Evergreen browsers

Orde Saunders' avatarUpdated: Published: by Orde Saunders

Firefox and Chrome browsers both use a rolling, date based, release cycle. These browsers feature a built-in updater that ensures they receive updates as soon as possible after they are released. This continuous update is why they are referred to as evergreen browsers.

As a result of their evergreen status, support for these browsers is often phrased as "latest stable and previous stable" but how useful is this statement? To reliably assess this we will need to consider how effective the automatic updates are and how long older versions remain in significant use.

Update efficiency

To judge the update efficiency we will compare the amount of traffic for the latest and stable and previous stable versions on individual days for a period of three weeks from the official release date. In this analysis we are ignoring all versions of the browser that aren't these two versions, see the section on the long tail for information on other browser versions.

The data for this was taken from a site with sufficiently high traffic to be representative (over ten thousand visits per day for each browser).

The data shown below is the percentage split of visits between the two versions rounded to the nearest whole number.

Firefox

Firefox currently updates on a planned six week cycle.

Firefox 23-24

Firefox 24 adoption rate

Datev23 (%)v24 (%)
2013-09-17982
2013-09-18937
2013-09-198515
2013-09-208020
2013-09-218119
2013-09-228020
2013-09-238020
2013-09-248020
2013-09-257921
2013-09-267822
2013-09-277822
2013-09-287723
2013-09-297822
2013-09-307921
2013-10-017624
2013-10-025743
2013-10-033070
2013-10-042080
2013-10-051684
2013-10-061684
2013-10-071387
2013-10-081090

Firefox 24-25

Firefox 25 adoption rate

Datev24 (%)v25 (%)
2013-10-29982
2013-10-30937
2013-10-318515
2013-11-018218
2013-11-028218
2013-11-038218
2013-11-048119
2013-11-058020
2013-11-065743
2013-11-073070
2013-11-082278
2013-11-091882
2013-11-101783
2013-11-111387
2013-11-121090
2013-11-13991
2013-11-14793
2013-11-15694
2013-11-16694
2013-11-17694
2013-11-18694
2013-11-19595

Update pattern

There seems to be a pattern in these two releases where the update gets to 15-20% adoption and then plateaus for several days before moving to over 80% adoption in the next couple of days. Whilst I've not done the same detailed daily breakdown, the adoption curves in the analytics show the same pattern going back to at least the version 16-17 upgrade so I'm guessing it might be a feature of the updater that does a staged roll out. (Alternatively it could be a consistent anomaly in the source of the statistics I'm using.)

Chrome

Chrome currently updates on a planned six week cycle.

Chrome 29-30

Chrome 30 adoption rate

Datev29 (%)v30 (%)
2013-10-011000
2013-10-021000
2013-10-031000
2013-10-04919
2013-10-056436
2013-10-064654
2013-10-073664
2013-10-082080
2013-10-091189
2013-10-10793
2013-10-11595
2013-10-12595
2013-10-13496
2013-10-14397
2013-10-15298
2013-10-16298
2013-10-17199
2013-10-18298
2013-10-19298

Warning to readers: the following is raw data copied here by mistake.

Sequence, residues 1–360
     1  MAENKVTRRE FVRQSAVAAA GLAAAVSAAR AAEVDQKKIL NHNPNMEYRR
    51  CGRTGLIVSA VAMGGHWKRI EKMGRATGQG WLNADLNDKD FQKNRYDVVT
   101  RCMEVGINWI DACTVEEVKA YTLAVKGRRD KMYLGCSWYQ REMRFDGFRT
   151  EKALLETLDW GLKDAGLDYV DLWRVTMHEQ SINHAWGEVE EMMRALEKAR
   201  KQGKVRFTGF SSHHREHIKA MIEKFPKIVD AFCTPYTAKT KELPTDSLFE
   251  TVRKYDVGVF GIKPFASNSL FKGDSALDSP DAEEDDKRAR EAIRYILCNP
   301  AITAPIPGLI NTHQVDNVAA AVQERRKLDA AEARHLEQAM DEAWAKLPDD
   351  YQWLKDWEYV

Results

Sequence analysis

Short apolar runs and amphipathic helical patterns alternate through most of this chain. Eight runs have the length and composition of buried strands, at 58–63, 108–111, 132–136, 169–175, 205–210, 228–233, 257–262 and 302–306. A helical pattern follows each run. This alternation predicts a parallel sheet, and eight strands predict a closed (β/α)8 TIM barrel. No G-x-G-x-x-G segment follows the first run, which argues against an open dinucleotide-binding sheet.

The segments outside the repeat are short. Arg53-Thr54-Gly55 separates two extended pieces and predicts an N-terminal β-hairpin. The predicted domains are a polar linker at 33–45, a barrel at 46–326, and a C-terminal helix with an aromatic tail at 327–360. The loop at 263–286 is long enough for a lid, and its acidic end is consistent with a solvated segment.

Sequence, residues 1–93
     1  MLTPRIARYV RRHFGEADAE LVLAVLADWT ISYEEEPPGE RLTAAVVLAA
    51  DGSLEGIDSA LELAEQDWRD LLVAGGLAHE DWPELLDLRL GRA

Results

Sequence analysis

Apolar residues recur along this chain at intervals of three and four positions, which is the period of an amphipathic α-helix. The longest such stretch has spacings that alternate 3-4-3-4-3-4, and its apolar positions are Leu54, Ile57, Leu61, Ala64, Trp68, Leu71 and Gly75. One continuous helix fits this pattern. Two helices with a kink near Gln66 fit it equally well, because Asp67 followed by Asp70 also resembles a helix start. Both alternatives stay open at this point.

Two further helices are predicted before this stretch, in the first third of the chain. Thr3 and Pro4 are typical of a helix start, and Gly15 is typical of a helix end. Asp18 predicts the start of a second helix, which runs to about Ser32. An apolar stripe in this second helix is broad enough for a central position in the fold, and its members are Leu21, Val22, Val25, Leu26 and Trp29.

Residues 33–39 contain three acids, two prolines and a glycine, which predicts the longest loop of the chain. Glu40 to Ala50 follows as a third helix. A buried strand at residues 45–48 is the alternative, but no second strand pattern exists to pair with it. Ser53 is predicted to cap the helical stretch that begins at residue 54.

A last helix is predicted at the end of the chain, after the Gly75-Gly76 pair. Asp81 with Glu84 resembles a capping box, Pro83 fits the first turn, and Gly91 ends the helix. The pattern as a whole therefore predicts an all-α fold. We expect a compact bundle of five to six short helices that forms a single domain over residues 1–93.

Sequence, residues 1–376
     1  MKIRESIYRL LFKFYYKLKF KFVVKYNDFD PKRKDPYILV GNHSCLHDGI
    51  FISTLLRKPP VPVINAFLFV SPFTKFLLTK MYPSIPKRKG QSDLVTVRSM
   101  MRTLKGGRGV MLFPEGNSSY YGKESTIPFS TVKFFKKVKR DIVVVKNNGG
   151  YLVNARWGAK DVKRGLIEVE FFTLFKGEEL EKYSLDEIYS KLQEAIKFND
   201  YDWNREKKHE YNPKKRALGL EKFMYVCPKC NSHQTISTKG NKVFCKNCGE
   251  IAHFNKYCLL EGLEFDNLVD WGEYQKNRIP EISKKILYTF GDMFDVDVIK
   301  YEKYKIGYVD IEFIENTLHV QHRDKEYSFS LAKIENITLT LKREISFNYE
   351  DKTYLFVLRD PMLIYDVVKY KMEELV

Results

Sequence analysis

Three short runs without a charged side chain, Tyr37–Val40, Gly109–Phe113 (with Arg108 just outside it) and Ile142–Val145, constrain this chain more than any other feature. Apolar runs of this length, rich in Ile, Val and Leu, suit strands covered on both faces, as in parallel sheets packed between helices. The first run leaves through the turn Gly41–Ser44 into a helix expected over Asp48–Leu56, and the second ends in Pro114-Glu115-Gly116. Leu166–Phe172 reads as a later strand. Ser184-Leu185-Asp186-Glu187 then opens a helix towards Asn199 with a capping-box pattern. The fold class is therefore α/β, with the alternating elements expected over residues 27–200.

2013-10-20298
2013-10-21199
2013-10-22199

Chrome 30-31

Chrome 31 adoption rate

Datev30 (%)v31 (%)
2013-11-12991
2013-11-13928
2013-11-147822
2013-11-156139
2013-11-165248
2013-11-173961
2013-11-182377
2013-11-191387
2013-11-20991
2013-11-21793
2013-11-22694
2013-11-23595
2013-11-24595
2013-11-25496
2013-11-26397
2013-11-27397
2013-11-28298
2013-11-29298
2013-11-20298
2013-12-01298
2013-12-02298
2013-12-03199

Long tail

Whilst the data for the update efficiency only looked at the latest two versions of a given browser we also need to look at the situation for all versions of that browser. Whilst we can see that during the transition period of the update we need to consider both versions of the browser, we need to ensure that there are no other versions that make up a significant portion of our visits.

For this we will look at Firefox as it has a longer transition period for the update and a more frequent release cycle than Chrome as this will magnify the effect we are looking at. This data is taken from 2013-10-29, the day before version 25 was officially released. Looking at the data for the switch between versions 23 and 24 we can see this was slower than the subsequent 24 to 25 update so we might reasonably expect this, if anything, to again magnify the effect.

Version%
Total100.00
2482.95
3.63.09
232.77
171.90
251.43
211.06
220.89
160.77
120.77
200.63
180.54
190.42
150.35
100.30
140.30
80.27
40.26
110.21
130.18
60.15
90.14
70.13
50.12
260.06
270.03
3.50.03
30.03

As can be seen, there is a long tail of previous versions but, even in total, they are not particularly significant. In fact, if we take the latest and previous stable as an aggregate at this point they make up 86% of visits.

Of particular note in this data is the presence of version 3.6 in second place - this is the last version of Firefox before they introduced the automatic update mechanism. However, even though it is more common than the previous stable version, it is still not significant in terms of use (especially if you also factor in Firefox's share of traffic from all browsers).

Conclusion

During the transition phase as browsers are updated there will be a period of time when both the latest stable version and the previous stable version are in use. Immediately after the release of a new stable version, and during the subsequent transition phase, some visitors wiil be using the previous version but, just before the next version is released, use of the previous version will be insignificant.

Whilst you should always examine your own individual situation, in general for evergreen browsers it is safe to make the assumption that by testing in the latest and previous stable versions you are covering the majority of your visitors using those browsers at any given moment in time.